An example of this school of photography that concentrates on the damage we have done is the work of Wendelski who has taken a series of images in Germany based on the destruction of ancient forest during the process of open cast mining for brown coal and the activist that set up camps in the forest to protest this.
From this idyllic picture of sunlight though the trees
to the destroyed countryside and swathes of mud
A similar piece of work has been carried out by the Magnum photographer Koudelka. He has done a vast photographic report on the coal mining industry in the Black Triangle in Czechoslovakia. I was lucky enough to see this when it was on show in Edinburgh. The images are graphic, black and white, very sombre. In the Edinburgh exhibition relatively small individual images, approximately 1m x 30cms were laid out in a line, so you followed the trail of disaster around the room. The destruction here has been going on for much longer than the damage in Wendelski’s pictures in Germany but is startlingly similar.
Godwin is particularly interesting in that her viewpoint and type of images she took changed over time. Her earlier work as shown in the ‘Secret Forest of Dean’ (Godwin, 1986) exemplified the beauty of a natural environment and how people could live in harmony with it, while in later work such as ‘Our Forbidden Land’ (Godwin, 1990) talks about how landowners limit access for their own use, and specifically, in reference to Scotland, talks about the environmental challenges caused by the widespread forestry work in the 70’s and 80’s, again many of her earlier pictures are simply beautiful.
Arnatt was also involved in the work about Dean Forest that was commissioned by Forestry Commission at the same time as that of Godwin. His work is difficult to track down, but the images I have seen ( in ‘I’m a Real Photographer‘)seem to fall more into the camp of the land is for use by industry, in contrast to Godwin’s more bucolic images (Arnatt, Hurn and Grafik, 2007).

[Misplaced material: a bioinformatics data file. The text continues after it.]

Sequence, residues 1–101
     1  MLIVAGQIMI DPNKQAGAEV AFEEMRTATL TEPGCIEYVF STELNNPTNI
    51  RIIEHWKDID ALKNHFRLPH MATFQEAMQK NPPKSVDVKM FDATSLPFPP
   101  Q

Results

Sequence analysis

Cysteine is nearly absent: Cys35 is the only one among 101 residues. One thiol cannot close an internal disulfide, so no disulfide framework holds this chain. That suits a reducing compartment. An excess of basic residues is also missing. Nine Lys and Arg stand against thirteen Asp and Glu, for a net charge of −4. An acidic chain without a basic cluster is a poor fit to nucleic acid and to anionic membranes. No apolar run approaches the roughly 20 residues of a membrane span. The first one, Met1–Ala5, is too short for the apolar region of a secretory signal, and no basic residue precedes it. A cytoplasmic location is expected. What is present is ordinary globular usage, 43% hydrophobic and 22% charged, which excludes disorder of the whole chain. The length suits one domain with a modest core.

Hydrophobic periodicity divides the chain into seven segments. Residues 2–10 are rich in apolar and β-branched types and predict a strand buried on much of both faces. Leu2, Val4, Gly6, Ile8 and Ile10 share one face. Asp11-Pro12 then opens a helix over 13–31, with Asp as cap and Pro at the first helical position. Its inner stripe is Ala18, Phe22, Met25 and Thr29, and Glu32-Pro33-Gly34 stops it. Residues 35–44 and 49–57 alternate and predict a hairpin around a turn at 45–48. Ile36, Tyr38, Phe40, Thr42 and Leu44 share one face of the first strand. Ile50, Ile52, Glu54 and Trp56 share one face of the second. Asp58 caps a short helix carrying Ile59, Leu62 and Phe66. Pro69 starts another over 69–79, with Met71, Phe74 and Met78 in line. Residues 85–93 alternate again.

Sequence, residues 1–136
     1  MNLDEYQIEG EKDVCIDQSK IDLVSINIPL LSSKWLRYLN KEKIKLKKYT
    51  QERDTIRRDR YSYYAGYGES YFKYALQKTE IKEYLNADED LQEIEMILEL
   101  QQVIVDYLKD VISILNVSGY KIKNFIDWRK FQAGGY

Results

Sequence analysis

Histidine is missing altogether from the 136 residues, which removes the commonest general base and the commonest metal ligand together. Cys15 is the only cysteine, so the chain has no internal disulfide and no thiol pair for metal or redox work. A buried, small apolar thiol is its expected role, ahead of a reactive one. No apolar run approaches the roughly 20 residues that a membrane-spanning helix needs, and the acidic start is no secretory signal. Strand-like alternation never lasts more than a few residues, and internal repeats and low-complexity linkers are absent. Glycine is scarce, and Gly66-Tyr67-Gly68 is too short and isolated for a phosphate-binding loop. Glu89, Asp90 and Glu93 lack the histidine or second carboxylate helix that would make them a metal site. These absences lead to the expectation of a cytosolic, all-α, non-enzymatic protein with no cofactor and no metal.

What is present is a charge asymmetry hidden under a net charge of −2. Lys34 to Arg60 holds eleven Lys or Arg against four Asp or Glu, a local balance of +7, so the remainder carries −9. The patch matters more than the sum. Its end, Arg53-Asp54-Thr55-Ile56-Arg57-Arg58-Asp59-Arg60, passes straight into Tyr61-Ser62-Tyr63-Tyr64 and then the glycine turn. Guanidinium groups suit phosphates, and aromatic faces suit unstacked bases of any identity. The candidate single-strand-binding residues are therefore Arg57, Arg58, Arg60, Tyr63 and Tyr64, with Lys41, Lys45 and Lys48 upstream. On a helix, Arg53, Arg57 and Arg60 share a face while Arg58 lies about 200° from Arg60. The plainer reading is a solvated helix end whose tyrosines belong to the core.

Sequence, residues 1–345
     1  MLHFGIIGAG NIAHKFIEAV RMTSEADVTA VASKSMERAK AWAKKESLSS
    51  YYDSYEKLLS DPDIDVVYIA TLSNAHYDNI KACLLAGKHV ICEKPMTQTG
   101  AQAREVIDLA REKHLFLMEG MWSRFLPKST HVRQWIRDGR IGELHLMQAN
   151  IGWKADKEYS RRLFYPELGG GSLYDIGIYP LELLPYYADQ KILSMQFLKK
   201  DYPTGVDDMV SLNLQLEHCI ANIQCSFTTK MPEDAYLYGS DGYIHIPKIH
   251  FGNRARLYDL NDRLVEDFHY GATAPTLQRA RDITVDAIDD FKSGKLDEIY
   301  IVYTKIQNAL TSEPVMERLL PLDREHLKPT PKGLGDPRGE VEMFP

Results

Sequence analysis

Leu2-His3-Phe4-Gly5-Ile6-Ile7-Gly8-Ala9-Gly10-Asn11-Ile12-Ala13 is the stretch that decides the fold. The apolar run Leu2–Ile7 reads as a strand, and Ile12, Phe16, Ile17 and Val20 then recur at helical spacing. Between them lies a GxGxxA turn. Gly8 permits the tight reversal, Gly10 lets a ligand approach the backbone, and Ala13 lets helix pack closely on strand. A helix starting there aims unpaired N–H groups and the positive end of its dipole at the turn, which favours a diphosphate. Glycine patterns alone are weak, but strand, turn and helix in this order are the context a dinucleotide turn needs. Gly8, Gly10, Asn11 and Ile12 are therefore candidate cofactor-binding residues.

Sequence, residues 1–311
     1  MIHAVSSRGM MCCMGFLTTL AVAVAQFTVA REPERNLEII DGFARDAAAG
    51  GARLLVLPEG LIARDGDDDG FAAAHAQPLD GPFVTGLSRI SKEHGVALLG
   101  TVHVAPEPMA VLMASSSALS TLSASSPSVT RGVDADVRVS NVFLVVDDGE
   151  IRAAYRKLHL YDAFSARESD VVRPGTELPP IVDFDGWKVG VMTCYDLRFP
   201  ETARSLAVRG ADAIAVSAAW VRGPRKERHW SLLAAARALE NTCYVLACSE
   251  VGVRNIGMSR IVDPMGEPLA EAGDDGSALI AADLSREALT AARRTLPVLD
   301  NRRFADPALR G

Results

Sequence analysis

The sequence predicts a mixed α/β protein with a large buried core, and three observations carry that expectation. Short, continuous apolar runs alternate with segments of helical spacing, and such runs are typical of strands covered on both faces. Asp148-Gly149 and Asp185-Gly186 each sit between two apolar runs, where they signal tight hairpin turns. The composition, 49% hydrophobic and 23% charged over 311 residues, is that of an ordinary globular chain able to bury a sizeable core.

and so we reach right around the circle to the original quote
Adams is the quintessential American photographer showing the beauty and wonder of the forest. A good example of his work is shown in the book ‘An Old Forest Road’ (Adams, 2017) which concentrates on barely visible paths in woodland, lit by seemingly random gleams of light. These pictures make you want to wander endlessly, exploring for no purpose other than to see the trees.
Interestingly, with the exception of Wendelski, all these images are in black and white. Some of this is because this was the accepted use when there were taken (Godwin and Arnatt) but some, like those of Adams are very recent. Is this because of the general idea that ‘art’ images should be in monochrome, because the more recent photographers are paying homage to the older ones, or simply because the colour green does not always print well? Certainly, monochrome does give some stunning images and shows the detail well. It also becomes difficult to tell simply by looking at an image of a forest when it was taken, this century or earlier. Monochrome tells the mythos of a forest well.